‘Tower’ film marks 50th anniversary of Texas school shooting

Fifty years ago, on August 1, 1966, a 24-year-old sniper positioned himself on the observation deck of the Clock Tower overlooking the University of Texas, Austin. His name was Charles Joseph Whitman. He shot 49 people. 18 people died, including an unborn baby. Another victim died of complications of the shooting in 2001. Meredith Vieira and Luke Wilson are among the executive producers of "Tower," an award-winning documentary that tells the story of that day from the perspective of several … [Read more...]

‘Klansville USA’ on PBS outlines the 1954 rise of the KKK

 “Klansville U.S.A.” is a relatively short film that documents a portion of U.S. history that few may be aware of: the rise of the Ku Klux Klan in North Carolina after the Brown vs. Board of Education Supreme Court decision in 1954 that effectively began the dismantling of institutionalized segregation. There is an especially poignant and tragic connection between this documentary and the new major film release “Selma,” now in theaters: voting rights activist Viola Liuzzo, who was kille … [Read more...]

‘The Decent One’: Documentary on Himmler a compelling contribution to Holocaust filmography

 Heinrich Himmler -- the Nazi Gestapo chief, head of the German police in the Third Reich, head of the Reich Main Security Office, and Reich Minister of the Interior -- was born to a Catholic family Oct. 7, 1900, in Munich. His father, Gebhard Himmler, was a tutor to Prince Heinrich of Bavaria, who in turn was young Heinrich's godfather.Heinrich was a good student but poor athlete, and his father used his influence with the royal family so that Heinrich could enter officer training … [Read more...]

‘The Roosevelts: An Intimate History’ best TV you may not be watching

  Last Sunday night, September 14, PBS began airing a 7-part, 14-hour documentary series about two U.S. presidents, Theodore Roosevelt and Franklin D. Roosevelt and his wife, Eleanor Roosevelt.This is another masterpiece by Ken Burns, that is, if you like interesting and lengthy stories based on extensive research and seamlessly stitched together for our viewing pleasure.All I really want to say here is that if you want to understand much about politics and … [Read more...]

“Korengal” Same valley, same soldiers, different story

 One of the loglines for Sebastian Junger’s latest documentary film “Korengal” is: “Same valley, same soldiers. Different journey” while another reads: “This is what war feels like.”In one way “Korengal” completes the 2010 Oscar-nominated documentary “Restrepo” that Junger made with cameraman, photojournalist Tim Hetherington who died in 2011 while covering the conflict in Libya. But as Junger expresses it, “’Restrepo’ was intended to be a way for civilians to experience what combat … [Read more...]

The Truth-telling Power of Documentaries

From my article that appears in the June, 2014 issue of U.S. Catholic:In 2012 Sister Simone Campbell and the Catholic social justice lobby NETWORK launched the   "Nuns on the Bus" tour to “live the biblical demand for social justice” and “to speak truth to power” in the name of the poor and marginalized. Campbell and her fellow sisters traveled thousands of miles by bus to call attention to programs for the poor that were under attack from budget cuts. The bus has since made a second tour, wh … [Read more...]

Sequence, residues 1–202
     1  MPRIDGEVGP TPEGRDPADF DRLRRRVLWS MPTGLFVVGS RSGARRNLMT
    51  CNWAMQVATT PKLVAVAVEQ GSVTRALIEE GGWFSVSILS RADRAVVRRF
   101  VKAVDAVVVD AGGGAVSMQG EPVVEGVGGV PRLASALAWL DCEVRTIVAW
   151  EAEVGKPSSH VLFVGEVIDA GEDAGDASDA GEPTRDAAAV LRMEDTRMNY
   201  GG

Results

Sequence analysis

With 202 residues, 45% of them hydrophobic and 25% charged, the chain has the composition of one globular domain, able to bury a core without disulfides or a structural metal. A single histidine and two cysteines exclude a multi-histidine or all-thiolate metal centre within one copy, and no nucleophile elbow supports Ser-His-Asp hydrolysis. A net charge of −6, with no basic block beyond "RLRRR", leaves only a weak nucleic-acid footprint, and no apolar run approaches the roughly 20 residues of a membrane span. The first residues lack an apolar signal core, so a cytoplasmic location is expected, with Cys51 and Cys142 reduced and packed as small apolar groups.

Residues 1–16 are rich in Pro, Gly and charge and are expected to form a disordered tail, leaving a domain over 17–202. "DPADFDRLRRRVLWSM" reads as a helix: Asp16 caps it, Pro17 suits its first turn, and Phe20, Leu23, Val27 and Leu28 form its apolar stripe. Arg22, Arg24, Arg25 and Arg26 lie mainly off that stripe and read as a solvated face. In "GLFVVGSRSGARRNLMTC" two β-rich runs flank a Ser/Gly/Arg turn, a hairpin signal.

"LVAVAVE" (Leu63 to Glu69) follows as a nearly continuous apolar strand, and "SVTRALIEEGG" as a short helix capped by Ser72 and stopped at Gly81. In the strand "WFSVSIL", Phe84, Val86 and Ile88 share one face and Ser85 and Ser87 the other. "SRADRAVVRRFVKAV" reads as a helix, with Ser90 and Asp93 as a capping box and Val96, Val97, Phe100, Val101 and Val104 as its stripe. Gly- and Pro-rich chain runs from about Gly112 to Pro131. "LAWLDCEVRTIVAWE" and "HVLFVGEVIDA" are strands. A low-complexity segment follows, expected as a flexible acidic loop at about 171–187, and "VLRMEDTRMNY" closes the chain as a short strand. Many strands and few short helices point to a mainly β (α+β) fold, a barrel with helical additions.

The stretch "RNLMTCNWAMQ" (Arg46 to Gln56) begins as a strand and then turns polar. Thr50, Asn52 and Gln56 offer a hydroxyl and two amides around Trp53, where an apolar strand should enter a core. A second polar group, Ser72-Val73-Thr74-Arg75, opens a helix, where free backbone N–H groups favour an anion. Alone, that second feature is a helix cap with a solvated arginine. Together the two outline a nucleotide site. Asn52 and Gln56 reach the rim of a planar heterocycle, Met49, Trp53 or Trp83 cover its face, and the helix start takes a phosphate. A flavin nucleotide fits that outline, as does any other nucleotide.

“Walking the Camino: Six Ways to Santiago” has a story for everyone

 When director Emilio Estevez’ feature narrative film “The Way” was released in 2011, audiences across the United States and many countries were introduced for the first time to the ancient pilgrimage route “El Camino de Santiago de Compostela.”I had the opportunity to interview Martin Sheen at that time for NCR and followed it up with anarticle about a screening in which Sheen, his son Emilio Estevez, and producer David Alexanian, spoke to the audience after. “The Way” is a fict … [Read more...]

Cesar Chavez’ last fast frames new documentary

If you ask director and filmmaker Richard Ray Perez if the story of Cesar Chavez chose him or if he chose to tell Chavez's story, he would say both.Following the screening of his new film, "Cesar's Last Fast," at the Los Angeles Religious Education Congress Film Showcase March 14, he told the audience that when he was 5 years old in the late 1960s, he first became aware of the table grape boycott while eating lunch at Head Start.Perez came from a family of migrant workers, but it was a … [Read more...]

“How Sherlock Holmes Changed the World” PBS doc about the world’s first CSI

9 p.m. EST Tuesday, PBS (Check local listings)For fans of Sherlockology, this two-hour BBC documentary will confirm the belief that Sherlock Holmes is the greatest and most influential detective in history, even if he is a fictional character created by a Scottish eye-doctor-turned-writer, Sir Arthur Conan Doyle (1859-1930).The BBC-produced "How Sherlock Changed the World" and its producers are in love with the BBC drama "Sherlock," starring Benedict Cumberbatch as Sherlock Holmes and … [Read more...]

“JFK: Like No Other” PBS documentary on 50th anniversary of JFK’s death

"JFK: Like No Other," PBS American Experience9 p.m. Eastern time Nov. 11 (part one) and Nov. 12 (part two) (Check local listings)Millions of us remember where we were at the exact moment we heard the news that President John F. Kennedy was assassinated on Nov. 22, 1963. It was about 11:30 a.m. in San Diego that Friday, and I was going to my locker to get my lunch. One of my seventh-grade classmates -- I think his name was Johnny -- came running by the bank of lockers, screaming over and … [Read more...]